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Full Access Auditory–visual, positional, and semantic effects in visual extraction of slope

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Auditory–visual, positional, and semantic effects in visual extraction of slope

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Extracting slopes from arrays of visual features is crucial for interpreting graphs. To understand broader influences on slope perception, we investigated the effects of concurrent sounds, of relative graph location, and of semantic priming on a visual search task in which observers searched for a graph with a positive or negative slope. Four bar graphs or scatter plots were simultaneously presented in separate quadrants of a visual display. Participants pressed a key as quickly as possible if one of the graphs displayed the target slope and otherwise refrained from response. A concurrently presented ascending pitch slowed responses to negative-slope targets, and concurrently presented descending pitch slowed responses to positive-slope targets, indicating crossmodal interference. This interference was eliminated when the sounds were presented 200 ms before the graphs, consistent with crossmodal interaction rather than response bias. Positive slopes were detected slowest in the upper-left quadrant whereas negative slopes were detected slowest in the upper-right quadrant, suggesting that slope detection is impeded when a graph is placed inconsistently with a mental number-line representation (negative values on the left and positive values on the right). Finally, positive slopes were detected faster when the search display was immediately preceded by a briefly flashed word ‘uphill’ compared to the word ‘downhill’ (and the converse for negative slopes), indicating a semantic priming effect, but this was observed only for scatter plots (the stimulus specificity precluding response bias). In summary, perception of visual slope is systematically influenced by auditory signals, by location of graphs, and by semantic priming.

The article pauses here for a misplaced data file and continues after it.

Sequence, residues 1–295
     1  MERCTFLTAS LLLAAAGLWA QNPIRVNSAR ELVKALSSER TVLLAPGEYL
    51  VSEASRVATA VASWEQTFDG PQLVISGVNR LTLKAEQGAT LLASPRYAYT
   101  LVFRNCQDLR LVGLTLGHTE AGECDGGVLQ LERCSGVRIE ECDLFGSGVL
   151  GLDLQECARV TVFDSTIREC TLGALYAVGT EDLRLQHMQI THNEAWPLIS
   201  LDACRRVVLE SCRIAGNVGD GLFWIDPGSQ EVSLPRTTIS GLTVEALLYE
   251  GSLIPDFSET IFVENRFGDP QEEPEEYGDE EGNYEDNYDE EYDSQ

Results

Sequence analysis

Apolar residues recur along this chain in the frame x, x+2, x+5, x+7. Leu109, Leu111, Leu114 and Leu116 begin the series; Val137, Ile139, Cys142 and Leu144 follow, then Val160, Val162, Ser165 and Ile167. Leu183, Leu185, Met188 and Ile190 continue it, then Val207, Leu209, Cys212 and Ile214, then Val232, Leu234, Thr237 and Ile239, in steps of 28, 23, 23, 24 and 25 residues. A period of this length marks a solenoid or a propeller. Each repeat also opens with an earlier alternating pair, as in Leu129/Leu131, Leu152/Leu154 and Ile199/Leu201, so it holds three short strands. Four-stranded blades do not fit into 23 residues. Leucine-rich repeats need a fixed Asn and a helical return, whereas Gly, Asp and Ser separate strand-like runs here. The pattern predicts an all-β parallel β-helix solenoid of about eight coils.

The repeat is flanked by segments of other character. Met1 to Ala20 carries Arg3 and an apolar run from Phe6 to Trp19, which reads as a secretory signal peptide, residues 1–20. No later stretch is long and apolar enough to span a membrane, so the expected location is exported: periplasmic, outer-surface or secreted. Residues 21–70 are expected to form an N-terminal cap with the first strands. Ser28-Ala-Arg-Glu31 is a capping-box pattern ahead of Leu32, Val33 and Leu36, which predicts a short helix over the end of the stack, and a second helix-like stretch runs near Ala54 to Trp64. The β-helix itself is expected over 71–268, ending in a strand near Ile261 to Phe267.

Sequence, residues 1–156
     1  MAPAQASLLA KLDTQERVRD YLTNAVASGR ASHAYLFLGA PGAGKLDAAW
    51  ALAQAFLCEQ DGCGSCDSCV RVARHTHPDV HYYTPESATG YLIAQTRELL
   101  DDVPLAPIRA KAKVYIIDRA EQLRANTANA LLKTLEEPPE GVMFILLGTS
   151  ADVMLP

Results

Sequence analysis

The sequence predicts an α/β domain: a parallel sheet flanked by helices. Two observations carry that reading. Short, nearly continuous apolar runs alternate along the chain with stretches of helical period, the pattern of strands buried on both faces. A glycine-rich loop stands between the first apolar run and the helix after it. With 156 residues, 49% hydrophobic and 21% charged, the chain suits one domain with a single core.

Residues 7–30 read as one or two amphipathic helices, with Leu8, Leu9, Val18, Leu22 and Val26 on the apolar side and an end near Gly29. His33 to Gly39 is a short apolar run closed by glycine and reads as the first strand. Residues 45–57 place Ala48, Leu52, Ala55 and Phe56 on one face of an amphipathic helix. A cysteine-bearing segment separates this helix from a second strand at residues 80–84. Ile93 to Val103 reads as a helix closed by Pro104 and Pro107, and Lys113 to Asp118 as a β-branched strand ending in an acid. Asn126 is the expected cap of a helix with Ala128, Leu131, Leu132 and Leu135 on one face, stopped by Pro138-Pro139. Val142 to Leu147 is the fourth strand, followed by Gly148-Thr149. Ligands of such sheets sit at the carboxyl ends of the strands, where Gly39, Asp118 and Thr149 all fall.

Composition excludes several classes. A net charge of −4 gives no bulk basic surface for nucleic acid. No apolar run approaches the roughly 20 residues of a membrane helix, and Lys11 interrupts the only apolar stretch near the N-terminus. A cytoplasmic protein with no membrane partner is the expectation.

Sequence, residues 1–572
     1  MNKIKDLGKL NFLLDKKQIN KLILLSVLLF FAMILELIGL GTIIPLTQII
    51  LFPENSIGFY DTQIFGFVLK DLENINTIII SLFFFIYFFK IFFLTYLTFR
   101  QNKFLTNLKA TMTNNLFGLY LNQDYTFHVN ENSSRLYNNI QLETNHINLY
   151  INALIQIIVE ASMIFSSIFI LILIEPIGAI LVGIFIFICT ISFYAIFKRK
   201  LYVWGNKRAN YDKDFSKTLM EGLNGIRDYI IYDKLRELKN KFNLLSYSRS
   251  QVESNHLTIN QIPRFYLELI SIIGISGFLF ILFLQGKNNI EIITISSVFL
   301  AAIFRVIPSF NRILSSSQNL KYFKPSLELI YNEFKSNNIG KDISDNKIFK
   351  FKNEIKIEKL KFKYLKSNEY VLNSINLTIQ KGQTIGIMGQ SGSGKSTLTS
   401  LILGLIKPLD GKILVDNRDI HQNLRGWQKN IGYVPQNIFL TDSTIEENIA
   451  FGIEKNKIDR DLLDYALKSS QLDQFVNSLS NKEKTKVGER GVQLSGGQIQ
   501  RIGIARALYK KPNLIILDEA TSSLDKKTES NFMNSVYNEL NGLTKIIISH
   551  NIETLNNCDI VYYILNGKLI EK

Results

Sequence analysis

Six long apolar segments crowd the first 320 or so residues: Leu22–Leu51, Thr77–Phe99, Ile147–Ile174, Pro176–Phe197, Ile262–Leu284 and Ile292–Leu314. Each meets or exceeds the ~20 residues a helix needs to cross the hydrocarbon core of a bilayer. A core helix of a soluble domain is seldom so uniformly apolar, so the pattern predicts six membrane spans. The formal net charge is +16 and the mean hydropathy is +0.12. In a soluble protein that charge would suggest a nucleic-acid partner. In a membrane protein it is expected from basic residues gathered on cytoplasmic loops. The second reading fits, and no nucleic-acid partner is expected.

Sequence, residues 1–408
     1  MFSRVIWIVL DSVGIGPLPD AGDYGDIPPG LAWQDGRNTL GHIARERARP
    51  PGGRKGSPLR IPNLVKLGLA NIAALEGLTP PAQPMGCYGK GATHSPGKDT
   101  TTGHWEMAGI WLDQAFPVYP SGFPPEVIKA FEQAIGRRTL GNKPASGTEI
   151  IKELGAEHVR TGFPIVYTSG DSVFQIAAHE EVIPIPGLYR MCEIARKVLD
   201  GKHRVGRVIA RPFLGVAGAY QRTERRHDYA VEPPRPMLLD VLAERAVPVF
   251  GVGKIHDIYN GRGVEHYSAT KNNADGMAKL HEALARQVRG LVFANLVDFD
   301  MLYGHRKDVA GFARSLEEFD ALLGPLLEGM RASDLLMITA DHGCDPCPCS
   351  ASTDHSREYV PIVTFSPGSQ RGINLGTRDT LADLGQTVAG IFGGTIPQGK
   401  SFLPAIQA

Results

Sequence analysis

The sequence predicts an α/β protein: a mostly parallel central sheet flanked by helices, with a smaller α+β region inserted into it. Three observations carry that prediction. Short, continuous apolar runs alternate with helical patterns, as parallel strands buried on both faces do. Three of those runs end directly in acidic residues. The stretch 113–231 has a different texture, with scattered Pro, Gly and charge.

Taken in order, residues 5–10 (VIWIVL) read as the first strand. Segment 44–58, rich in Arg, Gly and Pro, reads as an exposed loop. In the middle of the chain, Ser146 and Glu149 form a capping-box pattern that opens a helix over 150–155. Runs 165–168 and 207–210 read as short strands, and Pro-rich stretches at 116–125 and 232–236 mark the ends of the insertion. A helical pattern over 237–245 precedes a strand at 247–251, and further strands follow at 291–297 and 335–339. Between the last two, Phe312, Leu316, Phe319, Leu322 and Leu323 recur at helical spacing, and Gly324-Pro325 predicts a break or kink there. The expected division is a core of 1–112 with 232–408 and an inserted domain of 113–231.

Affiliations: 1: 1Department of Psychology, Northwestern University, US

Extracting slopes from arrays of visual features is crucial for interpreting graphs. To understand broader influences on slope perception, we investigated the effects of concurrent sounds, of relative graph location, and of semantic priming on a visual search task in which observers searched for a graph with a positive or negative slope. Four bar graphs or scatter plots were simultaneously presented in separate quadrants of a visual display. Participants pressed a key as quickly as possible if one of the graphs displayed the target slope and otherwise refrained from response. A concurrently presented ascending pitch slowed responses to negative-slope targets, and concurrently presented descending pitch slowed responses to positive-slope targets, indicating crossmodal interference. This interference was eliminated when the sounds were presented 200 ms before the graphs, consistent with crossmodal interaction rather than response bias. Positive slopes were detected slowest in the upper-left quadrant whereas negative slopes were detected slowest in the upper-right quadrant, suggesting that slope detection is impeded when a graph is placed inconsistently with a mental number-line representation (negative values on the left and positive values on the right). Finally, positive slopes were detected faster when the search display was immediately preceded by a briefly flashed word ‘uphill’ compared to the word ‘downhill’ (and the converse for negative slopes), indicating a semantic priming effect, but this was observed only for scatter plots (the stimulus specificity precluding response bias). In summary, perception of visual slope is systematically influenced by auditory signals, by location of graphs, and by semantic priming.

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/content/journals/10.1163/187847612x648251
2012-01-01
2016-12-09

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